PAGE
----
[This is part of an occasional series about the characteristics of intercultural leaders.]
In times of trial and uncertainty we turn to our leaders for calm. When leaders aren’t calm, how can the rest of us be?
I once worked in an organization facing severe financial strain. Everybody knew we were under pressure, but we were okay, because every time news came, good or bad, our leader would confidently say “The future is bright!” He had the technical skills to guide the organization through the challenges, so we knew his words weren’t hollow. It just meant so much to us that our leader was solid in his belief that we would all be okay. Morale remained high, despite our challenges.
At one point, though, things turned. I suppose he’d had one too many rough meetings with his leaders, who were getting panicky, and he took on this mindset. The rest of the organization began to sink along with him.
My point is not that leaders should sugar-coat harsh realities. My point is twofold: that reality can be interpreted in many ways, and that specifically the resilience of leaders matters a lot for organizations.
What’s the intercultural connection here? Leading in unfamiliar cultural waters means being confronted every day with the reality of “normal” being anything but — where expectations are thwarted, and “strange” and “irrational” behaviors rule the roost. In short, leading in an unfamiliar cultural environment sets the perfect stage for “freaking out.” Our primordial “lizard brain” takes over, shutting down our higher cognitive functions. We can’t lead effectively in this state.
This means intercultural leaders need to be able to bounce back — again and again and again. They need to be ready for the next “lizard brain” reaction, and to have strategies in place for recognizing these reactions, for moving past them, and for using them as learning for whatever comes next. Despite cultural breakdowns all around — miscommunication, ruffled feathers, unmet expectations, and plain old prejudice — the resilient intercultural leader remains above it all. She expects strong emotions, so she’s not prone to overreacting. Instead of falling back on her heels, she leads from the balls of her feet: solid, stable, grounded, balanced. Empathy helps too: able to see things from many perspectives, she doesn’t take any one view too seriously — including her own. She trusts her instincts, but she’s not wedded to any single idea or way of doing things.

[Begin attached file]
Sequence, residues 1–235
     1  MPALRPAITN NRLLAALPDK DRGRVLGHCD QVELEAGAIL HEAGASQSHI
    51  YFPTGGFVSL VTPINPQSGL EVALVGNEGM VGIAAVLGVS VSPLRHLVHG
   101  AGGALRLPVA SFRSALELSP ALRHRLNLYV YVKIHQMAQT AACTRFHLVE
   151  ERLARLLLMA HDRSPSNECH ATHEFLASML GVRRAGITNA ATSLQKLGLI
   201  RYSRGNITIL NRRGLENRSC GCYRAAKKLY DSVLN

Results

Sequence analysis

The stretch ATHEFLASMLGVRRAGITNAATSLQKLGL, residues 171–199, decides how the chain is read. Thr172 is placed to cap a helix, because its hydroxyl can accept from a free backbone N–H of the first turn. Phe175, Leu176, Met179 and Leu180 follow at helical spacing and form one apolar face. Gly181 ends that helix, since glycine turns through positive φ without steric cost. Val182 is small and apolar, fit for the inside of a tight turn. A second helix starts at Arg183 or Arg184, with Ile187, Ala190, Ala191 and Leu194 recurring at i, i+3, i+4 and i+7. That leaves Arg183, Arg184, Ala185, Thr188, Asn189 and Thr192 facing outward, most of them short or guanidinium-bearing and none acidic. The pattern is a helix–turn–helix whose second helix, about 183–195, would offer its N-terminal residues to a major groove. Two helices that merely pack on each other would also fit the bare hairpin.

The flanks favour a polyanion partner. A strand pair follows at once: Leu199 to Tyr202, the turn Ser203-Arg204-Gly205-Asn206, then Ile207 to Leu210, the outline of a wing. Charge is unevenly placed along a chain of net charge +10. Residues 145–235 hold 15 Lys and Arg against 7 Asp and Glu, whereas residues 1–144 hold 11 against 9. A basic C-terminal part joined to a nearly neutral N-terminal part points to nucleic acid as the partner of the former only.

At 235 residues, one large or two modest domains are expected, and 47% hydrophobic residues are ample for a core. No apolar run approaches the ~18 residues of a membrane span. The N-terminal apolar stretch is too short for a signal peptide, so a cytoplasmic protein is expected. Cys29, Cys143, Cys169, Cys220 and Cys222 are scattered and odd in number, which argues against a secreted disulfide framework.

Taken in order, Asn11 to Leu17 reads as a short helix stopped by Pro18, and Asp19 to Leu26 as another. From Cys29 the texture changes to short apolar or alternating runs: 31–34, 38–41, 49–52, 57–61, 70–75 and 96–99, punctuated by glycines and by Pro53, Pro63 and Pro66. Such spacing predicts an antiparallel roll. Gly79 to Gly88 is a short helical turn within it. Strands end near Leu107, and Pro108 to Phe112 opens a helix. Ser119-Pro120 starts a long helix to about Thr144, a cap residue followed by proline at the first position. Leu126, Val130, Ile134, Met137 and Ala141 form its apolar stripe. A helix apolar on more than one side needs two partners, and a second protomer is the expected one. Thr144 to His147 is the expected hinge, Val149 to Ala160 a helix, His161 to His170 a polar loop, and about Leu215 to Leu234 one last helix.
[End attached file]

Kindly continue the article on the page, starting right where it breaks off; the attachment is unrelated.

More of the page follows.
From the outside it might look easy, but it’s anything but. Like any human, she has internal reactions, including those based on her own prejudices. Those reactions are charged. What she’s mastered, though, is the art of recognizing her reactions, getting a handle on them, and moving forward toward solutions. She’s got passion and fire, but knows how to have them work for her instead of against her. Her resilience provides an anchor for everyone around her.
Resilience comes more naturally to some than to others. It’s an absolutely essential quality of the intercultural leader. Thankfully it can be learned and practiced, like any skill.
If you’re an I-House resident, consider applying for the Intercultural Leadership Initiative, or email me about joining my mentoring program this spring. I you’re not an I-House resident, contact the Center for Intercultural Leadership about designing a custom program for your organization.